“Rangeland Under Fire,” Under Fire: Editorial

Nevada's wild horses

Nevada’s wild horses

UPDATE 3/2015: The “NACO” legal action noted in text was defeated in federal district court. However the counties and ranching community is now appealing to the Ninth Circuit. We are still engaged in defeating this suit no matter how high a court it is appealed to.

In addition we now have multiple actions on the individual county level in both federal court and the IBLA (Interior Board of Land Appeals). These actions include the current move by Eureka county and a trespass rancher to stop the wild horses from Fish Creek from going home: http://wildhorseeducation.org/2015/02/22/standoff-obstructs-pioneering-effort-for-wild-horses/

Every two years the NV State Legislature is in session. Every session there is legislation trying to deny wild horses water in the state (this year the bill was pulled) or outright attempts to take control over federal, public resource. This year we have the “Bundy Bill” that needs your attention today! http://wildhorseeducation.org/2015/03/22/nv-legislature-ab-408-alert/

Note: We usually do not post “editorials” on our webpage (we reserve them for the blog) but in this instance felt it appropriate

“Rangeland Under Fire,” Under Fire

Editorial Review: Laura Leigh, Wild Horse Education

“Rangelands Under Fire” is the fourth installment of the “Stewards of the Rangeland” series produced by Dennis and Gabe Golden in partnership with KNPB Public Broadcasting. According to the press release the installment “documents the latest challenges faced by our open range food producers and land managers, due to wildfire, battle for resources from wild horse herds, drought, litigation, water and competition from foreign imports an increasing subject of conflict.”

The program begins as a piece describing recent fire events in Nevada. Personal experiences are recalled by ranching families. BLM comments on stretched resources fighting multiple fires.

The film then moves to the topic of wild horses. I expected perhaps a ten minute discussion. Instead the next 40 minutes were dedicated to blaming wild horses for the destruction of ranches, ranch families, even the beginning of famine spreading nationwide. Are you kidding me?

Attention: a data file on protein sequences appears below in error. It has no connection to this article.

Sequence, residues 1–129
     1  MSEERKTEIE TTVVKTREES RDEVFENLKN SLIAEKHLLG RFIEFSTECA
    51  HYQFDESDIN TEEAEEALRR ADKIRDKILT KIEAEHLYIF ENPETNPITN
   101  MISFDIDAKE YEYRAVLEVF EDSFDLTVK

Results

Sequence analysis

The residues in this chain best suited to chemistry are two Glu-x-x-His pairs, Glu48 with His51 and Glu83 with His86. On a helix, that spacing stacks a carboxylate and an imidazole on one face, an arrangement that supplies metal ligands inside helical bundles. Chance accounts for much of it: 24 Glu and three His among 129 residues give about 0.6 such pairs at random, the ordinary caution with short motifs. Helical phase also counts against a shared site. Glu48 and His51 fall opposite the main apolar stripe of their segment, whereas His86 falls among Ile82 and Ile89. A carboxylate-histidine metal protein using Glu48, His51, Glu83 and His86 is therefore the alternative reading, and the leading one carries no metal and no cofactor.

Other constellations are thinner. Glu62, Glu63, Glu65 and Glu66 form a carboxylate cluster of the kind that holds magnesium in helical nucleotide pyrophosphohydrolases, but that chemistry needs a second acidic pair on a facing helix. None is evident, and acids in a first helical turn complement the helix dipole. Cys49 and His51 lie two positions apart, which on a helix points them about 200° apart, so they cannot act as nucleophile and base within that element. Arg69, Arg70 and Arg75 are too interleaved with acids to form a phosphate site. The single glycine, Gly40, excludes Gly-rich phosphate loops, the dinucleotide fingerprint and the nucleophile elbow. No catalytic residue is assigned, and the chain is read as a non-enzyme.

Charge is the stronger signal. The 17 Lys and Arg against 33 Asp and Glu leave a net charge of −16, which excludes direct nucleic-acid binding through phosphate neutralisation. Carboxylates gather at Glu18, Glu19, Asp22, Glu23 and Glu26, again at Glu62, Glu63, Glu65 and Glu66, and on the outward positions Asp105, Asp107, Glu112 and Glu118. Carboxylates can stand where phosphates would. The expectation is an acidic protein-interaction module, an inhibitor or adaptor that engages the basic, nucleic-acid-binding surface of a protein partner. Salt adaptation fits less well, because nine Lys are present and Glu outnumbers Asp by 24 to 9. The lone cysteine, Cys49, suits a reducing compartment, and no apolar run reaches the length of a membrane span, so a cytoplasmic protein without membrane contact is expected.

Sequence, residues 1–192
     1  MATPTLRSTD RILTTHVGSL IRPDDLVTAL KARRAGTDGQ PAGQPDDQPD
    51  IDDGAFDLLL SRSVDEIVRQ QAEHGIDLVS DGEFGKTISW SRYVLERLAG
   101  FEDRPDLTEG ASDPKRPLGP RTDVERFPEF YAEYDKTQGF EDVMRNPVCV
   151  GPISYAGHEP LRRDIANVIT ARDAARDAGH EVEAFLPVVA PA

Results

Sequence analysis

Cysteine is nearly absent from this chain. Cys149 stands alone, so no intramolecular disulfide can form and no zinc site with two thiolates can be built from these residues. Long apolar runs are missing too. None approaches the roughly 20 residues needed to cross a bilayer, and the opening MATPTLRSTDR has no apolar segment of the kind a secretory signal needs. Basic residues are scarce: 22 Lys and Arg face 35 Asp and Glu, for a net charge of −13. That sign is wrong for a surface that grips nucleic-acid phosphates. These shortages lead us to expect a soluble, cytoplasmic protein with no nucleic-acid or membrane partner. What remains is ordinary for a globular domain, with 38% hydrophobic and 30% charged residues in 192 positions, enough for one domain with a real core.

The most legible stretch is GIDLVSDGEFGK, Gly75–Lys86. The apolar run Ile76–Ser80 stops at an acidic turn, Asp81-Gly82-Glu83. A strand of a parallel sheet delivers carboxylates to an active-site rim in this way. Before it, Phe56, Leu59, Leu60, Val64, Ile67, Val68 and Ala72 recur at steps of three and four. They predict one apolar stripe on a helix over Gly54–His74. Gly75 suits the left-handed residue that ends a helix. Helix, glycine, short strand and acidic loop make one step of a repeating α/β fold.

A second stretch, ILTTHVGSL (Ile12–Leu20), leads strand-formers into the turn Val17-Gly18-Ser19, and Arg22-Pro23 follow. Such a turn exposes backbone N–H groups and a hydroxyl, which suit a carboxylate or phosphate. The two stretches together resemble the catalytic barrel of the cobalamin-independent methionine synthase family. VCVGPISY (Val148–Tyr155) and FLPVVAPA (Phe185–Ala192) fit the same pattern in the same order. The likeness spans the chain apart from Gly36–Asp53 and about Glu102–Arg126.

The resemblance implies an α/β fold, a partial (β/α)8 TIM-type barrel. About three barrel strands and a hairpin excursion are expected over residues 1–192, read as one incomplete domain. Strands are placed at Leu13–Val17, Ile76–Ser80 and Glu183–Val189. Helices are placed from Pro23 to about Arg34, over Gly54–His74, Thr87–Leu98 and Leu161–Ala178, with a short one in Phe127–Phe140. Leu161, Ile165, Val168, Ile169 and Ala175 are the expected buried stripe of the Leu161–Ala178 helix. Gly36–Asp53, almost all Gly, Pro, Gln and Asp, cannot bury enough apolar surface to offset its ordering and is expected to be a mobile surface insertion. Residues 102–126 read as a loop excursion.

Water haul for cattle during drought in overgrazed area of Nevada, in drought years there may be a dozen water hauls for horses statewide compared to ten times as many for domestic livestock

Water haul for cattle during drought in overgrazed area of Nevada, in drought years there may be a dozen water hauls for horses statewide compared to ten times as many for domestic livestock

A closer look at this program appears in order.

The series is funded by the Nevada Rangeland Resources Commission (NRRC). The NRRC was created by the Nevada State Legislature and is funded by the livestock industry. Current Commissioners include: Hank Vogler (Rancher and an instigator in the introduction of SB329 to the state legislature that was designed to deny wild horses access to water in the state of Nevada), Ron Cerri (on the executive committee for the NV Cattleman’s Association that voted to support the current ‘NACO’ suit against wild horses) and Hank Combs (the President of the Nevada Farm Bureau, a co Plaintiff in the ‘NACO’ suit against wild horses).

So basically we have an hour long “commercial” funded by those that have made every effort to remove wild horses off the landscape, deny them water and are now actively engaged in federal litigation to remove wild horses from Nevada and actually destroy them.

The information was never presented in a balanced fashion. Many basic facts that would fully inform an interested audience were omitted.

PBS programming guidelines state: For the purposes of these guidelines, a program “funder” or “underwriter” or “grantor” is a third party that has voluntarily contributed cash (or substantial in-kind services) to finance, in whole or in part, the production or acquisition of a PBS program, and that may not, and has not, exercised any inappropriate influence over the content of the program it has funded. 

So who vetted this program? Either someone that did not know how to use common internet search engines or by someone that just does not care.

There are some serious flaws in editorial choices if the program was meant to resemble a “journalistic” piece. Many statements provided during interviews of advocates would have put the subject in a truthful perspective had they been used. They instead, became casualties of the editorial “cutting room.”

At the end of this piece one would believe that wild horses are running rampant, starving and bringing on the apocalypse.